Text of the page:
Skip James

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Nehemiah Curtis "Skip" James (born June 21, 1902 in Yazoo City , Mississippi , † October 3, 1969 in Philadelphia , Pennsylvania ) was an American blues musician .

Live and act

Nehemiah Curtis James grew up on the Woodbine plantation near Bentonia. As a child he was nicknamed "Skippy", which was only shortened to "Skip" on the occasion of his first recordings in 1931. He first learned piano and organ in Sunday school, later guitar with Henry Stuckey , whom he later stated as an important influence on his music. Around 1918 he began to work as a musician in Memphis (Tennessee) .

In 1931 he recorded 26 tracks for Paramount (from his own memory), of which only 18 were published.

His musical career ended with the economic crisis. In 1932 he became a Baptist lay preacher.

He was "rediscovered" during the 1964 Folk Revival by John Fahey , Bill Barth (later one of the founders of The Insect Trust ) and Henry Vestine (later a member of Canned Heat ) at Tunica County Hospital, Mississippi , and resigned that same year with Mississippi John Hurt at the Newport Folk Festival . Numerous concerts and several LPs with new recordings and compilations of his pre-war recordings followed.

In 1969, Skip James succumbed to cancer.

Outstanding stylistic device was his unusual falsetto voice and his filigree fingerpicking. He used different open guitar tunings (E minor, D minor, A major) and thus achieved extraordinary timbres.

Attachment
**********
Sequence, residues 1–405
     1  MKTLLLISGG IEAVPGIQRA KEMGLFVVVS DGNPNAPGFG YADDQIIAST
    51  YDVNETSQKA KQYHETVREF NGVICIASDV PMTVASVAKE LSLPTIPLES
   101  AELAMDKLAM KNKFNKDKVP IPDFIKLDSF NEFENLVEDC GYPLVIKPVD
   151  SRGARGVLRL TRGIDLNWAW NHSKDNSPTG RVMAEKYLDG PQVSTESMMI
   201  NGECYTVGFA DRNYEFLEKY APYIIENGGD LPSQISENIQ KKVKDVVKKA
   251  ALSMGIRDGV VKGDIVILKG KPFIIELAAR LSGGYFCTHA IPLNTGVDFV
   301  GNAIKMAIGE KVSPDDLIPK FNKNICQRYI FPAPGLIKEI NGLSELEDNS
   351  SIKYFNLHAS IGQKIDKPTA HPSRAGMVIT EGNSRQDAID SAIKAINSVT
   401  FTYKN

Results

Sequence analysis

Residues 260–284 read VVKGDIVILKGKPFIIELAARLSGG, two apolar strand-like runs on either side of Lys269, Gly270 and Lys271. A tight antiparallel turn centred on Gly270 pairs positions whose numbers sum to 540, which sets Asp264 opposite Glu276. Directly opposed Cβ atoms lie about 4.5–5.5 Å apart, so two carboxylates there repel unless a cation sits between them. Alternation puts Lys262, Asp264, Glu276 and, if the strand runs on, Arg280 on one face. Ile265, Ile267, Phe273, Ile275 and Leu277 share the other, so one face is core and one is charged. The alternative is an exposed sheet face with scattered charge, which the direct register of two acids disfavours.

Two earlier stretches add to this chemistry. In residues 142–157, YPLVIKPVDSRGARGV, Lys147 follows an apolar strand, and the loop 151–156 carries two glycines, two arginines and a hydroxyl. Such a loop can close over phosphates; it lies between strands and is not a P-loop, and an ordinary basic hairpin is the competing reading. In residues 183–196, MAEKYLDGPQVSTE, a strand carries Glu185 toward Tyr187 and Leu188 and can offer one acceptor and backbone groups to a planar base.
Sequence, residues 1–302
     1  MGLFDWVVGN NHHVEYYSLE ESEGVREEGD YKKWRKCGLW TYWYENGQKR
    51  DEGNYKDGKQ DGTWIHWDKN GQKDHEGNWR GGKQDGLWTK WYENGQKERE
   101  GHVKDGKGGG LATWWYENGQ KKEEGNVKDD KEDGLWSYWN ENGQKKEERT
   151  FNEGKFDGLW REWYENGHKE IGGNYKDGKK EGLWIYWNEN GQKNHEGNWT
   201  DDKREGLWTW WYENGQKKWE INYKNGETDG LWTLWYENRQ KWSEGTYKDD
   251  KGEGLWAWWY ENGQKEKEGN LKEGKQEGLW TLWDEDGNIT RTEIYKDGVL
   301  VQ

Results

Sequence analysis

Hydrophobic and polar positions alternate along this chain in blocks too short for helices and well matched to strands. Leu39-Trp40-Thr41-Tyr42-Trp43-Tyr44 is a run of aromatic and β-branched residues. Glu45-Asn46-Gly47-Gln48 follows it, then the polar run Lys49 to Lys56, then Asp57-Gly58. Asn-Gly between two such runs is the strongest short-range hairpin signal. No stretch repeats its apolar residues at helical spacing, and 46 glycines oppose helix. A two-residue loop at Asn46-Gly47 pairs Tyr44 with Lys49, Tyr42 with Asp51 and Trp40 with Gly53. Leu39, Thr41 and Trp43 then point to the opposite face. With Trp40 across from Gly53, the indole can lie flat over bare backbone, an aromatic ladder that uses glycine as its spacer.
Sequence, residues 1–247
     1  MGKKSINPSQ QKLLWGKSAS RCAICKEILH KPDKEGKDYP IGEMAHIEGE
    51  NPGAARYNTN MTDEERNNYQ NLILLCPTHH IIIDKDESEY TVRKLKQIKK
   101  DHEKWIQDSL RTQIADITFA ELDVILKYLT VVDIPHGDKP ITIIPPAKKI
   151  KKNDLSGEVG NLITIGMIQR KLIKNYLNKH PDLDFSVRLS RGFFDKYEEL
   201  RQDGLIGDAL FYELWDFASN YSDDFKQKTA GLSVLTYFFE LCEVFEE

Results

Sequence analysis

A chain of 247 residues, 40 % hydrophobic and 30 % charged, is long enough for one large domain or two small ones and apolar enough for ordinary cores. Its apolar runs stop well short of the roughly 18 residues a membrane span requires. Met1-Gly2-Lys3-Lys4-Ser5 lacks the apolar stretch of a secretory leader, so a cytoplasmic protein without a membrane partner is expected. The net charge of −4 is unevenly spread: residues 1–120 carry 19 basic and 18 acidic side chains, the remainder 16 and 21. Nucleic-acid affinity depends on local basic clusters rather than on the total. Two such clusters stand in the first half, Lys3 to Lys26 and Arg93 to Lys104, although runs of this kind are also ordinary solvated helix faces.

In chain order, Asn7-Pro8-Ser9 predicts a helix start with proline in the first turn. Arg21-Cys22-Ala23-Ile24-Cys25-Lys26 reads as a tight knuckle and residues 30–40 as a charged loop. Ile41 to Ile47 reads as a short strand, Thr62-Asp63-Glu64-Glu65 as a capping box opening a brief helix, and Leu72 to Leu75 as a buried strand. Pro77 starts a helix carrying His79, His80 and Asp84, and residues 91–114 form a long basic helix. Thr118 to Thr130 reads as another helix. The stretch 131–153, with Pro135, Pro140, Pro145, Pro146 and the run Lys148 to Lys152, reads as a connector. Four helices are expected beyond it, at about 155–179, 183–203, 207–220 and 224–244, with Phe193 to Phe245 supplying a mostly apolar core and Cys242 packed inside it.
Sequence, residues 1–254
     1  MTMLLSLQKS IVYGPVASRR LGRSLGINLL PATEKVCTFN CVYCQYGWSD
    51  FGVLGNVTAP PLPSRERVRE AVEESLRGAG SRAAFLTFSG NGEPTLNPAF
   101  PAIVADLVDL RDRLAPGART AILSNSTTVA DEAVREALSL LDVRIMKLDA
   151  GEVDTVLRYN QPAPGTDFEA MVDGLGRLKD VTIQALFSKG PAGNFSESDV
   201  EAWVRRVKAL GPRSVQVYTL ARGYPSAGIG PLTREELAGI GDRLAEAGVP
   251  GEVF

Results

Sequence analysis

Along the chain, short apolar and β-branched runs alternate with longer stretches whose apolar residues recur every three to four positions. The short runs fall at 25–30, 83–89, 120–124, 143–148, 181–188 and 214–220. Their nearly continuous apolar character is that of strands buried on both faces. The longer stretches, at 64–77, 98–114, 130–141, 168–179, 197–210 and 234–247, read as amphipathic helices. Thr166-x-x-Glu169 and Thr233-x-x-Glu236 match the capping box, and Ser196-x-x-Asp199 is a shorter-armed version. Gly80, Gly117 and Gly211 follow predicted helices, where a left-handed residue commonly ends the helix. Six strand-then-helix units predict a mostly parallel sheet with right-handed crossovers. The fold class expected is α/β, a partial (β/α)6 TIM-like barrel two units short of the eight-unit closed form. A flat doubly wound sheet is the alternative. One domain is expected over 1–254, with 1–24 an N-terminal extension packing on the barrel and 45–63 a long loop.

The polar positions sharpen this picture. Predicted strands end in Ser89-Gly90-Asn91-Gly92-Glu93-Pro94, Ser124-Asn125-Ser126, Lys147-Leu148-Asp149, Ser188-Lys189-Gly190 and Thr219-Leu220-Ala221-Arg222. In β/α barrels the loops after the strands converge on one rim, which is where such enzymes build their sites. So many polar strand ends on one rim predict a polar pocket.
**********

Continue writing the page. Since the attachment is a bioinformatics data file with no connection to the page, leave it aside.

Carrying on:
Best known are probably his pieces I'm so glad , which became a hit in the version by Cream , and the Hard Time Killin 'Floor Blues , which was featured in the film O Brother, Where Art Thou? by the Coen brothers was performed by Chris Thomas King . Other cover versions recorded, among others, Johnny Winter .

In the documentary Soul of a man by Wim Wenders , James was one of the three portrayed musicians (alongside JB Lenoir and Blind Willie Johnson ).

A key role will also James' Devil Got My Woman in the movie Ghost World by Terry Zwigoff one.

Sound carrier (selection)

New recordings

  • Greatest Of The Delta Blues Singers (Melodeon, 1964)
  • A Tribute To Skip James - Volume One (Biograph, 1964)
  • Today! (Vanguard, 1966)
  • Devil Got My Woman (Vanguard, 1968)

Re-releases of the 1931 session

  • King Of The Delta Blues Singers (Biographer, 1968)
  • The Complete 1931 Session (Yazoo, 1986)


  • Stephen Calt: I'd Rather be the Devil - Skip James + the Blues - Da Capo Press, New York, 1994.
  • Maël Rannou (author) and Jean Bourguignon (draftsman): Skip James (comic), Paris, BDMusic, 2016.


  1. Rob Hutten, Interview with Dr. David Evans , 1996, Archived Copy ( Memento of the original from October 6, 2006 in the Internet Archive ) Info: The archive link was automatically inserted and has not yet been checked. Please check the original and archive link according to the instructions and then remove this notice. , (Accessed August 16, 2006) @1@ 2Template: Webachiv / IABot /